Harry Rolnick

It has been more than four decades since I first heard Daniel Barenboim performing Mozart piano concertos. We all knew about his prodigious talent, his gargantuan appetite for all music. He was already at the threshold of the major conducting career.

Yet for him the Mozart concertos always remained a part of an active repertory both playing and recording them.

What I do well remember from those earliest experiences with the English Chamber Orchestra was a dichotomy: most magnificent piano sound in the operatic moments of the concertos and unparalleled treatment of Mozart’s cantilena and something more disturbing, which was his execution of passage work. Here Barenboim’s facility at the piano- and oh, does he have it until this day! - allowed for something I named “one-speed-fits-all”. That characteristic remained with him over the years and sometimes it was a disturbing to observe performances affected by glibness.

Thus, with the greatest interest I attended the first of his performances of Mozart, which was to accompany the monumental cycle of Bruckner symphonies. Barenboim saw a relationship between Bruckner and Mozart, choosing to precede each symphony with a concerto. To his credit the Maestro decided to showcase some of the musicians from the Berlin Staatskapelle in two works Mozart named “sinfonia concertante”: one for violin and viola and the other one for the wind instruments.

For his concerto he chose chronologically Mozart’s last, the 27th. Even though the orchestra is somewhat reduced and in the first movement the work it exudes a feeling of melancholy, I would rather subscribe to the suggestion that Sir Roger Norrington put forward: he belieed as I do today, that no concerto in whose finale utilizes a folk song Sehnsucht nach dem Frühling ("Longing for Spring"). Beginning "Come, sweet May, and turn / the trees green again / and make the little violets / bloom for me by the brook" can be really considered a final work. There is no premonition of death here, though he was personally not in the greatest of spirits.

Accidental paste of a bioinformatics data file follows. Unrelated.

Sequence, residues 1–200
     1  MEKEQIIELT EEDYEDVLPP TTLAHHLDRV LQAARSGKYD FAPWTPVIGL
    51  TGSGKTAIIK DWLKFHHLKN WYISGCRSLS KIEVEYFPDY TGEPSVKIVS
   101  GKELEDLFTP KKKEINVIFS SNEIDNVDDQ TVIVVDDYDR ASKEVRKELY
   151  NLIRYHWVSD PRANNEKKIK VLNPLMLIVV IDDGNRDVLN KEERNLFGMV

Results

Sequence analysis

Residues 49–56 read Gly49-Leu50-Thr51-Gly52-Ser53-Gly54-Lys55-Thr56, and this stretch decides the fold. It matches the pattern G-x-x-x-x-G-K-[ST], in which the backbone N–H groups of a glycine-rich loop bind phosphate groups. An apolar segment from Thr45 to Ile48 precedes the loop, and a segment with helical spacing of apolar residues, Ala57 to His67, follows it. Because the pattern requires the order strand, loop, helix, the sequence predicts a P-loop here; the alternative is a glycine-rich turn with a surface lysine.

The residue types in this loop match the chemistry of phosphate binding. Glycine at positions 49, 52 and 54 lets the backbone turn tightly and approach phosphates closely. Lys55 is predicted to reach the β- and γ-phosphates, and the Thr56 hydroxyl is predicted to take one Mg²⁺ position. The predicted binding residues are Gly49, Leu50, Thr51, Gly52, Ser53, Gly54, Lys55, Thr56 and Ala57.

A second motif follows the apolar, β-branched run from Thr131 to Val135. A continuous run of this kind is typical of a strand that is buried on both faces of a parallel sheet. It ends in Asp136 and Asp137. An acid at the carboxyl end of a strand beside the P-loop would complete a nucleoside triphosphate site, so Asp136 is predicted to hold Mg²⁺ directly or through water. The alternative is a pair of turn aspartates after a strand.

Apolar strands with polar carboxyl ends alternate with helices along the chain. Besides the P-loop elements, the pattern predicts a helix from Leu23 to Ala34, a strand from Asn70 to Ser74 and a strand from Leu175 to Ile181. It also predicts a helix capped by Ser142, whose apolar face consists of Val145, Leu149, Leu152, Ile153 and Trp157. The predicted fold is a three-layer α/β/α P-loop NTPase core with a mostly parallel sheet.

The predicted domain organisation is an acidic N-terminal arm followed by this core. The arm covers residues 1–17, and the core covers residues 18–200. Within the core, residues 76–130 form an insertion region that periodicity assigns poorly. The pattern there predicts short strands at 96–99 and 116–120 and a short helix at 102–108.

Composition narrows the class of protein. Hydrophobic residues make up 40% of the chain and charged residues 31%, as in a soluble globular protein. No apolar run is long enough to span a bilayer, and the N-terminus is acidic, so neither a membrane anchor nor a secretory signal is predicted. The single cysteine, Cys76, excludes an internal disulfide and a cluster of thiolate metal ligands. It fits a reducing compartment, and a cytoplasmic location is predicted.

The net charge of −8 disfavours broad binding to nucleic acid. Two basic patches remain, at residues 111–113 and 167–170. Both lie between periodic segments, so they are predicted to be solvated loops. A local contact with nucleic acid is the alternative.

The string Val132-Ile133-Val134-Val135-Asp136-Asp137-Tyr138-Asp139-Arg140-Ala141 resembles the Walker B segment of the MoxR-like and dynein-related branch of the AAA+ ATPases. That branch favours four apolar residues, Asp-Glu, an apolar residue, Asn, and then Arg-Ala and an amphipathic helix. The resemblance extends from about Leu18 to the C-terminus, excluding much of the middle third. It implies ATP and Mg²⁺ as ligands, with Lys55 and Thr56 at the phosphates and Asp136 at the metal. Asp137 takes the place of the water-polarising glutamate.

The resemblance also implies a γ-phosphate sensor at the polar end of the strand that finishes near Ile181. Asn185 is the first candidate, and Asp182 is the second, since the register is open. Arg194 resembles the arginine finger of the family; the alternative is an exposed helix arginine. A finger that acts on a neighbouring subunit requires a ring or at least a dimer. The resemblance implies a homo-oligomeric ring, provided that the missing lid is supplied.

The first of the six concerts that will have featured Mr. Barenboim as a soloist and conductor turned out to be promising: many of the aspects I described in my reminiscences of past concerts were still there, but on balance the overall impression was more than positive. Previously mentioned “operatic moments” were magic and it seems that in that respect Mr. Barenboim has today a very few peers. He molds those phrases in a bel-canto manner, and colors them according to harmony. The music breathes with the naturalness of a singer.

There is a spirit in his playing that never allows for dullness. Those expecting the measured tones of a Curzon were surprised to hear the first movement taken so briskly. On the other hand the middle movement with a rare tempo indication of Larghetto was unusually subdued. Here the pianist and musicians of his excellent orchestra achieved an extraordinary dialog and beautiful shading proving that we were witnessing a true master. The finale Allegro bounced along nicely with plenty of character and optimism.

Did the problems that made me slightly critical decades back disappear? I guess not and I also presume that Barenboim way of playing fast notes (especially in the finale) “comes with territory” and one simply has to accept the fact that his fingers run over the keyboard faster than the brain can control them. Though one could hardly fault the stylistic aspect of his performance, this pianist –unlike many of his contemporaries, who believe that Mozart score is only a sketch that needs to be filled-in –, eschewed extra ornaments, additions, or fillers and remained faithful to the score paying no heed to nowadays popular school of historically-informed performances.

I wish the piano would face the audience in a traditional way, but obviously it is easier for the pianist to sit with his back to the audience even at expense of more diffused sound. Well, apparently that’s the price we have to pay hearing pianists who also like to conduct from the keyboard.

Roman Markowicz